Google and Yahoo -- and the other tech giants stung by the recent news of their participation in government surveillance programs -- are in the midst of a public-relations offensive to steady suddenly wobbly reputations. They're sounding a commiserating note, insisting they're just as confounded and concerned as many Americans by the reported extent of the feds' reach. And indeed, the New York Times, among others, has reported that the companies resisted government requests for information on their users on at least a few occasions. But if Google (GOOG) and Yahoo (YHOO) are as frustrated as they sound with the sprawl of the post-9/11 surveillance regime, at least they can say they got front-row seats to its launch. Two months after the 2001 attacks, Google co-founders Larry Page and Sergey Brin, Yahoo co-founder David Filo -- along with venture capitalist Marc Andreessen and a handful of other Silicon Valley heavyweights -- jetted to Washington for a meeting at the still-gaping Pentagon. http://tech.fortune.cnn.com/2013/06/17/did-google-and-yahoo-help-get-government-snooping-off-the-ground/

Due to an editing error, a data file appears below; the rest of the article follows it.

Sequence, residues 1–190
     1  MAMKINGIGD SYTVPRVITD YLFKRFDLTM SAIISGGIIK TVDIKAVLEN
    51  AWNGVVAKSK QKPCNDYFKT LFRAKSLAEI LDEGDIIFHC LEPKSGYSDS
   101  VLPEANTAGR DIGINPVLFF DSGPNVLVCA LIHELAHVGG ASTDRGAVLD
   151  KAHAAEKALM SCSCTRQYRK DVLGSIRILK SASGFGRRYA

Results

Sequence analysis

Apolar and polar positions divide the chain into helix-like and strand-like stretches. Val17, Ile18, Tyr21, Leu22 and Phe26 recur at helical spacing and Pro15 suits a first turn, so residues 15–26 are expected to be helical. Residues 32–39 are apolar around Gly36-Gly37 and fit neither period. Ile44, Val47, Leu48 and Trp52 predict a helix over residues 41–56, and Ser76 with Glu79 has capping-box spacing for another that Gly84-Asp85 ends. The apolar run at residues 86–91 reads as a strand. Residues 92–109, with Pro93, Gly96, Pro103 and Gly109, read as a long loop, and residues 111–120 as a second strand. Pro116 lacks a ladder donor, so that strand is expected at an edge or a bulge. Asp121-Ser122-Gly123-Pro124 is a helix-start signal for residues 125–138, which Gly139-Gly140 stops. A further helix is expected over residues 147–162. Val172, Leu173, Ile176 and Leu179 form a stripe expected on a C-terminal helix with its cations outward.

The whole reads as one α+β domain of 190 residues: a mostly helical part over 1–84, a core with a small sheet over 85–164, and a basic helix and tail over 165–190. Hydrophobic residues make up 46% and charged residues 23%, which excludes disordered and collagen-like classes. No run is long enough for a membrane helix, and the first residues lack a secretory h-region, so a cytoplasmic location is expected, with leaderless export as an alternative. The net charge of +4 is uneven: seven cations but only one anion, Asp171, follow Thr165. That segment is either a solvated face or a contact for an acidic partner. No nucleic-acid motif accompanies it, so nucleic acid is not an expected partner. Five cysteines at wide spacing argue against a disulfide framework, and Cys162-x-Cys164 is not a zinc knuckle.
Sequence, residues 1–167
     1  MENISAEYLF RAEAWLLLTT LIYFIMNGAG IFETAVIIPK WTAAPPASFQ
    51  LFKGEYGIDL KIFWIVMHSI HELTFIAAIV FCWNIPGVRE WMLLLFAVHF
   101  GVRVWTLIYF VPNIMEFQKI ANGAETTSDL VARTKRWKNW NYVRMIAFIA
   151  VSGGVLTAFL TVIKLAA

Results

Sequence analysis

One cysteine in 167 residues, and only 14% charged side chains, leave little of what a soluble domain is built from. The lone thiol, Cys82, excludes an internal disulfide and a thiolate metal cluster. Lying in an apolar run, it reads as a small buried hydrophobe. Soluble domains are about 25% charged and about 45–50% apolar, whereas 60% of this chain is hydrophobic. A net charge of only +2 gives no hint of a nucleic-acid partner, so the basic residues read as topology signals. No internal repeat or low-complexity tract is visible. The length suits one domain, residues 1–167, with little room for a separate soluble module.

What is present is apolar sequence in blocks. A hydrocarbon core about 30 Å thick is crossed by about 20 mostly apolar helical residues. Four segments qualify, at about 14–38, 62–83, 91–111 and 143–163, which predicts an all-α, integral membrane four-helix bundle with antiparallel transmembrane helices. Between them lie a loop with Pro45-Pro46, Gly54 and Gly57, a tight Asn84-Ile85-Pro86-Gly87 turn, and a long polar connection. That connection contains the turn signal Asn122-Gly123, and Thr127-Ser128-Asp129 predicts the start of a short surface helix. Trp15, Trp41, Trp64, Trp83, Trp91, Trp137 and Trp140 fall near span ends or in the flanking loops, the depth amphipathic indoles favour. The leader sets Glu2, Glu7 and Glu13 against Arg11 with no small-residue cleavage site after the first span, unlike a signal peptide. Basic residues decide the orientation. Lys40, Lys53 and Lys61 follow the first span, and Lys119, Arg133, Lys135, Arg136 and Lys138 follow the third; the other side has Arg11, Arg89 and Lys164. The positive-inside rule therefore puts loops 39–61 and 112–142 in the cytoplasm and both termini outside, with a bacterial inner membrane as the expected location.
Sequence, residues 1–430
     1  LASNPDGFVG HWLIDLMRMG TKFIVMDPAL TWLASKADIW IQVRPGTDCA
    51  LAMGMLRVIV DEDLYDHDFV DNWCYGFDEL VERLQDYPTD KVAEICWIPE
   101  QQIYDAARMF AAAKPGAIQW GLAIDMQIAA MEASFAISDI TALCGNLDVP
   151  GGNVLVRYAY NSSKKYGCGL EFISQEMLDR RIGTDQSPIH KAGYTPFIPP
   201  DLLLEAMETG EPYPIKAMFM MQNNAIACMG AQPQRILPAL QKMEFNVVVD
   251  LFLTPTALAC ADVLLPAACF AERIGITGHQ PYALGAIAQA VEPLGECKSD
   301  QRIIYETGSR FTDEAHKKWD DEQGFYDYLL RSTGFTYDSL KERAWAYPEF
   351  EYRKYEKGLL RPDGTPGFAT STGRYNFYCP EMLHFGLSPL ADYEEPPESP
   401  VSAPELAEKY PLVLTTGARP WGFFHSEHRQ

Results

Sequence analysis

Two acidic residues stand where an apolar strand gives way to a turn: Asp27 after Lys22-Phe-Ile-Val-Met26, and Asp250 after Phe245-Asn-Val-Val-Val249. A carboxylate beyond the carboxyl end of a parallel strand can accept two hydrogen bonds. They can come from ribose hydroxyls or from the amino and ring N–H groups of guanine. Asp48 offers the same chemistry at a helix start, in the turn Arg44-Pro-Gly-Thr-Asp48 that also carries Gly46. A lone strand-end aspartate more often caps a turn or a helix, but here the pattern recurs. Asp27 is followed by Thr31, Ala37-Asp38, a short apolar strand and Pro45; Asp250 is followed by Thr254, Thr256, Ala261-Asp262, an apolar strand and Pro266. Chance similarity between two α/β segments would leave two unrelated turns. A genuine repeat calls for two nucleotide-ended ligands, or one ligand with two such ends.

James F. Booth
For more than 25 years, James Booth has provided consulting and legal services to telecommunications carriers and to enterprise companies that manage their own telecommunications networks. Since June of 2009 he has also served as General Counsel of Spread Networks, LLC, which is the industry leader in the construction and operation of low latency high speed networks. Before joining Spread he was General Counsel for OnFiber Communications, a competitive telecommunications provider, and was the sole attorney for Qwest Communications International in support of its construction of an 18,800 mile fiber optic network spanning the United States. Earlier he was lead counsel for U S WEST in its wireless and cable television ventures in the United States, Europe and Hong Kong.